I suspect those houses wont be going on the market anymore. When you say
'at no cost to anyone', there is of course a cost to the estate agents,
who market them, and to the people who go and see them, and perhaps even
make offers on them, when the 'vendors' are just fucking about. This is
probably the only good thing about the packs.
And what's going to stop the buyers fucking about.

Every one of my 5 house sales has been interrupted
by the buyer fucking about even when presented with full
information and personally I'd like to see some sanction on
them.

tim
 
T

Tumbleweed

And what's going to stop the buyers fucking about.

Every one of my 5 house sales has been interrupted
by the buyer fucking about even when presented with full
information and personally I'd like to see some sanction on
them.

tim
Well there will be fewer houses for sale so less for them to choose from,
but i know what you mean.
 
T

Troy Steadman

Tumbleweed said:
Well there will be fewer houses for sale so less for them to choose from,
but i know what you mean.
In 1990 (or whatever year it was) there was a drought in the SE. We
were renting and cracks appeared in our walls. Our landlords called in
a surveyor and so did their insurance company. The verdicts were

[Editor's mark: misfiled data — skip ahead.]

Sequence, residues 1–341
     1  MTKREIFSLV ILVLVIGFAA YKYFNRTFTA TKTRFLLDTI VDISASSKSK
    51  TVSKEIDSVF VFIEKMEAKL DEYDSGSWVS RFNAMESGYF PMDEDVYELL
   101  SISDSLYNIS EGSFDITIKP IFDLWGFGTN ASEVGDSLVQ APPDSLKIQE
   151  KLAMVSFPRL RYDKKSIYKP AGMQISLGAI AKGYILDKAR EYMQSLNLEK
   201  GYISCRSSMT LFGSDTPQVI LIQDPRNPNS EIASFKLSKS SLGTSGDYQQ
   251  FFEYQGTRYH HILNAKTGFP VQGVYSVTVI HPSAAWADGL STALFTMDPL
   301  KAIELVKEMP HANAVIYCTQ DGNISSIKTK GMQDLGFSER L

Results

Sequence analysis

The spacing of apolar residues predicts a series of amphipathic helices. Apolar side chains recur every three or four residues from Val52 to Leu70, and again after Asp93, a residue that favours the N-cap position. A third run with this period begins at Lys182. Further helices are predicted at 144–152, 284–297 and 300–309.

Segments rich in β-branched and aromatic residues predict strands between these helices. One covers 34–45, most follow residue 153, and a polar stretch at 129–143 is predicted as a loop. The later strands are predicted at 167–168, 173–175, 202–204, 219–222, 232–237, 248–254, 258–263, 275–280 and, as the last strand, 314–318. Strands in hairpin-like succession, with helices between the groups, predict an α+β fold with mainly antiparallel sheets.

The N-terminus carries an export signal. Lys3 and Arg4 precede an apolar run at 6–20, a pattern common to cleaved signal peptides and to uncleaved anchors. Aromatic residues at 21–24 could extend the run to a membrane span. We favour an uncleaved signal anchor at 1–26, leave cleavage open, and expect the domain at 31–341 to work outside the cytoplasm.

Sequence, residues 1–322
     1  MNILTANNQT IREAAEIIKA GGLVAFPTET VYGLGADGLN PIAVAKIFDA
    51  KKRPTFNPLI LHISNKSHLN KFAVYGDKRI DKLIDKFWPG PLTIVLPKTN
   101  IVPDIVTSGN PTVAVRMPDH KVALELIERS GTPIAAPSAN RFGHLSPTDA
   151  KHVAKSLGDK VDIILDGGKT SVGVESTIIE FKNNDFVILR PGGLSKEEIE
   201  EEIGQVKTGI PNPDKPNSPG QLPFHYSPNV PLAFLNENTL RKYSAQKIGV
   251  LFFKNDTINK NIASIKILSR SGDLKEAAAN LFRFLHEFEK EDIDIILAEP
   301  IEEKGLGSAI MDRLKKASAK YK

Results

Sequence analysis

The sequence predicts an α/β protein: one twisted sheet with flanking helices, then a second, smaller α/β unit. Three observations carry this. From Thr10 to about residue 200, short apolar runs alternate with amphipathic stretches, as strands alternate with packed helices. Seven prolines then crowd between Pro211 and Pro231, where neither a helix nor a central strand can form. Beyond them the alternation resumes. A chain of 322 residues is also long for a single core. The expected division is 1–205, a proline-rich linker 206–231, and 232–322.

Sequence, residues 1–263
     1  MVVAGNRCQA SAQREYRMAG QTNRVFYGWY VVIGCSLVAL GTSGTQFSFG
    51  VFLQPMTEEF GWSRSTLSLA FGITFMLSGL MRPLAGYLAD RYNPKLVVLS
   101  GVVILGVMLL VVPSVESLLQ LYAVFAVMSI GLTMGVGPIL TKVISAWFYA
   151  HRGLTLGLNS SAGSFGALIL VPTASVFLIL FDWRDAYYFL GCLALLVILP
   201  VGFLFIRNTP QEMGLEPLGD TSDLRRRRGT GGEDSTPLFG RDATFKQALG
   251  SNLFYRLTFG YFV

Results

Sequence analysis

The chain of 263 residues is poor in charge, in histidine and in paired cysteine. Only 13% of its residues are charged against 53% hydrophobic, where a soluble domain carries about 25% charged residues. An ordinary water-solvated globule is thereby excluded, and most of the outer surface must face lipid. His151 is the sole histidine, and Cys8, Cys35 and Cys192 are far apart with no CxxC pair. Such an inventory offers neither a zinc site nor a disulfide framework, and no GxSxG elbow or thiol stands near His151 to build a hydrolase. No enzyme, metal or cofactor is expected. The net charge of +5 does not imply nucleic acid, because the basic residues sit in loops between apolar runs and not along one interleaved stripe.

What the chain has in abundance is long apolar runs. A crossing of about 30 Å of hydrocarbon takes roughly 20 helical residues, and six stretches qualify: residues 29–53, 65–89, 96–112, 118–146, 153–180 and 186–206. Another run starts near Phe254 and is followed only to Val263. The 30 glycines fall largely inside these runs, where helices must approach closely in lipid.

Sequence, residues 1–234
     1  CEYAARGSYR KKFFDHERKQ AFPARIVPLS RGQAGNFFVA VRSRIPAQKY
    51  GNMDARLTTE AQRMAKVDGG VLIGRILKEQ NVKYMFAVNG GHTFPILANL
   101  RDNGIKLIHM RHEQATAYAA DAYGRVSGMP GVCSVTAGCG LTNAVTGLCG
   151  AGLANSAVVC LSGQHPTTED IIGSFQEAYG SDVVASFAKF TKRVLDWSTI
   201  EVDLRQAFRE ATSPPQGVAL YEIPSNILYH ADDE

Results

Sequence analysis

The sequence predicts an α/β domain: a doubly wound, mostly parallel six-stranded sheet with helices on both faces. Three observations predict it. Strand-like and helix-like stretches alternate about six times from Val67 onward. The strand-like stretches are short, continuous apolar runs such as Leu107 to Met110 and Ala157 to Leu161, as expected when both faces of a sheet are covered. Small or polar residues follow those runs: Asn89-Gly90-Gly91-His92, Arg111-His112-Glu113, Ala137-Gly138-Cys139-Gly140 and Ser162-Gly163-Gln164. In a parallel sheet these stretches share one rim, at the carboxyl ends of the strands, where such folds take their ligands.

(respectively):

1) The house is falling down and needs underpinning*.
2) There is nothing wrong whatsoever.

Each staked their professional reputation on it.

I conclude people will be able to shop around for whatever Information
Pack they desire.

* The compromise was to redecorate and recarpet the whole house and put
glass measuring patches over the cracks. In the event the rains fell
and the cracks closed up.
 
R

Richard Faulkner

Tumbleweed said:
Well there will be fewer houses for sale so less for them to choose from,
but i know what you mean.
Can I be the first to predict the market rising in around Nov 2007!!
 
T

Tumbleweed

Richard Faulkner said:
Can I be the first to predict the market rising in around Nov 2007!!
Sorry, it doesn't qualify unless you either write a 500 line diatribe about
how Gordon Browns actions will cause it, or a 20-point explanation giving
the reasons why your theory overrides what is actually happening.
 
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R

Richard Faulkner

Tumbleweed said:
Sorry, it doesn't qualify unless you either write a 500 line diatribe about
how Gordon Browns actions will cause it, or a 20-point explanation giving
the reasons why your theory overrides what is actually happening.
Bollocks!!
 
P

Phil Richards

tim said:
Every one of my 5 house sales has been interrupted
by the buyer fucking about even when presented with full
information and personally I'd like to see some sanction on
them.
When you say presented with "full information" exactly what are you on
about? The Estate Agent will be acting in your interest and are unlikely to
reveal what you don't want to want any prospective buyer to know prior to
making an offer. I doubt for one minute you would have forked out for an
impartial survey so the prospective buyer can be made aware of any
structural defects in advance of putting in an offer. And lastly it is in